Shiitake Mushroom

Common Name - Shiitake Mushroom

Category - Fungi, Lichens

ScientificName - Lentinula edodes

Kingdom - Fungi


Class - Hymenomycetes

Order - Agaricales

Family - Tricholomataceae

Genus - Lentinula

Species - edodes


Description - The Shiitake Mushroom is a fungus that grows on logs found in the forest. The shiitake looks a lot like a burnt campfire marshmallow. The umbrella-shaped cap of the Shiitake Mushroom is tan or brown in color and feels soft and spongy. The rim of the cap may have white spots or the cap may be split revealing the white inner part of the mushroom. The gills and stem of the shiitake are white.

Size - The Shiitake Mushroom is typically larger than the white button mushrooms bought in local grocery stores.

Ecological Role - The Shiitake Mushroom is an excellent food source for snails, slugs, wildlife (such as birds, squirrel, and deer), and people.

Fun Facts - The Shiitake (pronounced she-TAH-key) Mushroom is also referred to as the Forest Mushroom, Black Mushroom, or Oak Mushroom.

Shiitake in Japanese means “mushroom of the shii or oak tree.”

In Kentucky, the types of trees that shiitakes generally grow on are American chestnut, beech, oak, hickory, and maple. 

The shiitake has a nutty or garlicky taste and is a good source of vitamin B and essential amino acids. 

The shiitake has been used for medicinal purposes in China since 100 AD. Research in animal studies has shown that the shiitake has the potential to lower cholesterol, reduce or stop tumor growth, and prevent viruses. Scientists are still researching the shiitake to learn about the benefits it may have to human health. In the future, the shiitake may be used to cure or prevent heart disease, AIDS, and cancer. 

The shiitake is native to Asia, but has been grown in the U.S. for over 20 years as an alternative crop. There are numerous recipes that include shiitakes as an essential ingredient. Look for them on World Wide Web sites.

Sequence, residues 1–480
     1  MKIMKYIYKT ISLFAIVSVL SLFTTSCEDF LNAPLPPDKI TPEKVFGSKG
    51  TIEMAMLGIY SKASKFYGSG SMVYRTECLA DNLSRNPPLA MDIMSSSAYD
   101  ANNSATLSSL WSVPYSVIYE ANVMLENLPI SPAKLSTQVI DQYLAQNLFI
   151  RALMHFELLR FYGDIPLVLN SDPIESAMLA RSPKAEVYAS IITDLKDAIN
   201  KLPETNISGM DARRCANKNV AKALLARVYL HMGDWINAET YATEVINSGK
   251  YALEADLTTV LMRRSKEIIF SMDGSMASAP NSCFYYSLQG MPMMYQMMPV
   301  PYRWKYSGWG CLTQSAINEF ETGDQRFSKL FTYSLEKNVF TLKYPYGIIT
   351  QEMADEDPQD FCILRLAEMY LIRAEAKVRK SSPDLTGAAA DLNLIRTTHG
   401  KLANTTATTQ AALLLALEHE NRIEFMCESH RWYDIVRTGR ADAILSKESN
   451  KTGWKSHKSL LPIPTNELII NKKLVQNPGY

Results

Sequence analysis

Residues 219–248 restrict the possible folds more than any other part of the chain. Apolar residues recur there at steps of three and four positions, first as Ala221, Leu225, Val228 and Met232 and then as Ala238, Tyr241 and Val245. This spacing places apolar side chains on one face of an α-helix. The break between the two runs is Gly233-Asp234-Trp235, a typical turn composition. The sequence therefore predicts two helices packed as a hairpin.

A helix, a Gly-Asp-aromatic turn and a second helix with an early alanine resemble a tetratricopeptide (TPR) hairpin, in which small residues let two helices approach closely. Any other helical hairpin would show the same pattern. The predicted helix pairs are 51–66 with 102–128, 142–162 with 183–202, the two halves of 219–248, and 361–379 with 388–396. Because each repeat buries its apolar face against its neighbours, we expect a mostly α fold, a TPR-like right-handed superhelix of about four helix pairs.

Habitat - Shaded, forested areas

Kentucky Distribution - Not native to Kentucky; currently being grown in various forested areas of Kentucky as an alternative crop

Life Cycle - Basidiospores, shed by a mature Shiitake Mushroom, are scattered by the wind. Some of the basidiospores may die; however, others may settle on logs, wood chips, and other objects that are suitable for growth. The basidiospores then germinate if the proper environmental conditions occur. As the basidiospores germinate, they begin to produce hyphae. As the hyphae grow, they branch off and develop the primary mycelium. In order for the primary mycelium to grow, it must find a food source, otherwise it will die. Although the primary mycelium cannot produce Shiitake Mushrooms, the secondary mycelium can. The secondary mycelium forms when two primary mycelia meet. The two primary mycelia must be compatible for the secondary mycelia to form. The secondary mycelium absorbs and stores nutrients by colonizing and digesting wood. A hypal knot called a primordium then begins to form. If water and nutrients are available, and environmental conditions are suitable, the primordium will grow larger and larger, eventually producing a mature mushroom with the familiar stem and cap.

Life Span

Life Stage


Seasonal Changes - Hot, dry weather conditions can have a negative impact on shiitakes, which prefer cooler, moist conditions.

Various strains of Shiitake Mushrooms exist. Some strains prefer cooler temperatures while others prefer warmer temperatures. Therefore, shiitake production can take place all year.


Status - Rare (not native to Kentucky)




What We Can Do - Keep forests clear of litter and other trash that may pollute habitat where shiitakes live. Prevent forest fires by being careful with campfires, lanterns, cigarettes and other forms of fire.


Diagnosis and Control

Interesting Facts

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